As the world’s leaders are gathering in Scotland for the U.N. Climate Change Conference, the Dominican Sisters of Peace, Loretto Community, Sisters of Charity of Nazareth and Ursuline Sisters of Louisville are among several groups of women religious in Kentucky committing to a community and personal effort to address today’s pressing environmental problems by participating in the Laudato Si’ Action Platform (LSAP).

The Laudato Si’ Action Platform brings together the Vatican, Catholic organizations around the world, and people of good will seeking climate justice. It was inspired by Pope Francis’s 2015 ecological encyclical “Laudato Si’: On Care for Our Common Home.”

According to the platform’s website, the Laudato Si’ Action Platform is “a space for institutions, communities and families to learn and grow together as we journey toward full sustainability in the holistic spirit of integral ecology.” The seven-year program was launched by the Vatican Office for Integral Ecology. Its purpose is “to make communities around the world totally sustainable in the spirit of the integral ecology of Laudato Si’.”

The action platform outlines seven categories of sustainability goals, including responding to societal and climate issues, rethinking ecological education, recovering ecological spirituality and adopting a sustainable lifestyle. Officially to be unveiled Nov. 14, LSAP already is serving as a guiding force for many worldwide – including women and men religious — as all of us seek to address issues of sustainability and climate justice.

The Dominican Sisters of Peace, Loretto Community, Sisters of Charity of Nazareth and Ursuline Sisters of Louisville have long cared for Earth in their personal and communal practices and commitments. Their care for Earth also touches upon their commitments to serve people who suffer from the effects of the destruction of our natural resources and changing climate.  These commitments include but are not exclusive to the economically poor, immigrants and refugees. They each recognize, though, that systemic change is just as crucial as personal change. These communities pledge to move beyond their commitments to sustained action, developing programs, policies and actions that reflect their commitments to LSAP.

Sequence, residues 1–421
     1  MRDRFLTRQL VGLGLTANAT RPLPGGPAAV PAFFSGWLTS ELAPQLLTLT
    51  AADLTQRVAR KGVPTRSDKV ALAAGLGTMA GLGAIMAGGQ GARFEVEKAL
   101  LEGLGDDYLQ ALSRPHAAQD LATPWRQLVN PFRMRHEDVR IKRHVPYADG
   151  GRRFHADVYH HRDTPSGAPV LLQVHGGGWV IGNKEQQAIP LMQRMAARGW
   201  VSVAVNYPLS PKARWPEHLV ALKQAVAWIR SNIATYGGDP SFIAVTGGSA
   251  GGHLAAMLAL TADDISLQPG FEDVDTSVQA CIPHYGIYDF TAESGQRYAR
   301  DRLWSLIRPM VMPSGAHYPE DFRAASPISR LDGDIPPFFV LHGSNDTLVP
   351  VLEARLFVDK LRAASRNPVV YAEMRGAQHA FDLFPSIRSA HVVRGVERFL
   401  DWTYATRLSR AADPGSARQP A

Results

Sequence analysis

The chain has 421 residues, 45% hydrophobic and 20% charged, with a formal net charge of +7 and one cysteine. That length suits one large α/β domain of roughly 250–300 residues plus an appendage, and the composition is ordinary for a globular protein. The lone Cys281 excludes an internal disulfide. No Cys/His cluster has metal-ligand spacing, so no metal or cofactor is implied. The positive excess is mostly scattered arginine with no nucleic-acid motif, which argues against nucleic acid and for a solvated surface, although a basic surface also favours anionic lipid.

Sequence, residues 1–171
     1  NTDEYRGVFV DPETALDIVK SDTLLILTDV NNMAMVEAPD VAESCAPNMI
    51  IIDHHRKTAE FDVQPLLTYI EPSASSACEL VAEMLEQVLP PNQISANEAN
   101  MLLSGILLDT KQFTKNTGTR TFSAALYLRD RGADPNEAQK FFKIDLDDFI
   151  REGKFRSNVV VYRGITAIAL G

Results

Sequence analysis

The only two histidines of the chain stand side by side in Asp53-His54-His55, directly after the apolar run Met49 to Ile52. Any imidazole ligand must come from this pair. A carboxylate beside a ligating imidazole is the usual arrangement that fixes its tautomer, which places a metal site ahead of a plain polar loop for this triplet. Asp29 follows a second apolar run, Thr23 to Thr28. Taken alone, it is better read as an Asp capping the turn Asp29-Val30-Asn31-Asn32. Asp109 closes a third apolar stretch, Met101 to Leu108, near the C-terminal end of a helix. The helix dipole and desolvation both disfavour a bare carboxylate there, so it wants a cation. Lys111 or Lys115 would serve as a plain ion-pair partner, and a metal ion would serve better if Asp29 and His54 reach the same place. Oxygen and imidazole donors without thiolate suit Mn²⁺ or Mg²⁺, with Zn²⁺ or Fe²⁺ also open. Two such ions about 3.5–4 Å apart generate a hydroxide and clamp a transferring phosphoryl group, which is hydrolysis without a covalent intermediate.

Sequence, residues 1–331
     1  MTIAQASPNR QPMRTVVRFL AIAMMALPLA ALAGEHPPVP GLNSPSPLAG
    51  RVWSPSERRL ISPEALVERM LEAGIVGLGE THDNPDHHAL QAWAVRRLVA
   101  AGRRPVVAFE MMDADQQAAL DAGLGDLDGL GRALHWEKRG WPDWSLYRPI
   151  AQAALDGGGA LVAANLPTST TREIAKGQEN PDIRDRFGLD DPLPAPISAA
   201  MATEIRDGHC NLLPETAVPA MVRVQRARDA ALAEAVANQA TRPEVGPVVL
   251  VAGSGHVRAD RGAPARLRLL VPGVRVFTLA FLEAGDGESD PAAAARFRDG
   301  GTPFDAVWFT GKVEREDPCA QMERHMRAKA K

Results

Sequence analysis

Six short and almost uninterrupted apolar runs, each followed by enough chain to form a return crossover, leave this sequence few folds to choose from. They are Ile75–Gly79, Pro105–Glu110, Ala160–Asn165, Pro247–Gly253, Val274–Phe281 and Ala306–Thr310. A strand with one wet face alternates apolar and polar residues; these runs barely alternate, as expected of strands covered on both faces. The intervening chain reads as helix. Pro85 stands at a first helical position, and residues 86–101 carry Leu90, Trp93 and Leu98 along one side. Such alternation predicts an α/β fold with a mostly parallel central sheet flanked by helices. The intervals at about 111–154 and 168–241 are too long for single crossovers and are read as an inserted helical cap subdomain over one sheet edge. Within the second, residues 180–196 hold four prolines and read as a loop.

Sister Gemma Doll, OP, a member of the Leadership team for the Dominican Sisters of Peace, said that it is love of God and God’s precious creation that impels us to treasure and reverence the Earth. “We show our reverence by living the truth as proclaimed in Laudato Si’, by advocating in solidarity with others in caring for God’s creation, and by taking concrete action to walk more softly on Earth.”

Loretto Coordinator for Earth Education and Advocacy Jessie Rathburn noted, “In managing Loretto Community land, our priorities are to sequester carbon, to protect undisturbed spaces and to regenerate degraded spaces by improving the soil and protecting our waterways.  Individual efforts in reducing energy consumption and recycling have broadened at the communal level to include initiatives like installing an electric car charging station, organizing significant reductions in single-use items and expanding campuswide recycling. Divesting from fossil fuels shaped our financial resources to more closely align with our relationship with Earth.  The LSAP will provide a pathway to deepen these individual and communal actions and connect them to the broader systemic changes that are so urgent.”

Director of Ecological Sustainability for the Sisters of Charity of Nazareth, Carolyn Cromer, said, “Integral ecology is the belief that all of God’s creation is connected, and examines how the condition of the environment impacts the lives and habitats of all life on Earth.  In the next seven years, we will intensify our current efforts to look at how our actions and choices impact the environment, including how we eat sustainably, choose renewable energy, support sustainable transportation, regenerate the land and seek sustainable products.  In turn, we will discern how this affects the lives of those who are most impacted by our changing climate: the economically poor, immigrants, refugees and our common home.”

Ursuline Sister of Louisville Carol Curtis, social concerns liaison, stated that, “Some of our tangible efforts on behalf of Laudato Si’ include socially responsible investing, increasing our social energy investment to offset our carbon footprint, supporting the FOREST Act to reduce deforestation, especially of the Amazon, where we have had a presence in Peru for over 50 years, and volunteering with local ecological ministries in Louisville such as Olmsted Parks Conservancy, TreesLouisville and Beargrass Creek Alliance. Additionally, we have reduced our own physical footprint with our campus property transfer to the Sacred Heart Schools (SHS). In transferring property to SHS, we preserved an urban greenspace, advocated for building salvage during renovation and for environmentally sustainable design in new construction.”

We now face an existential threat to our common home as never before, caused by the consumption of more of the earth’s resources than it can sustain. Together, with Pope Francis, we call on all persons, whatever their belief or worldview, to listen to these cries, and to pledge meaningful sacrifices for the sake of our common home.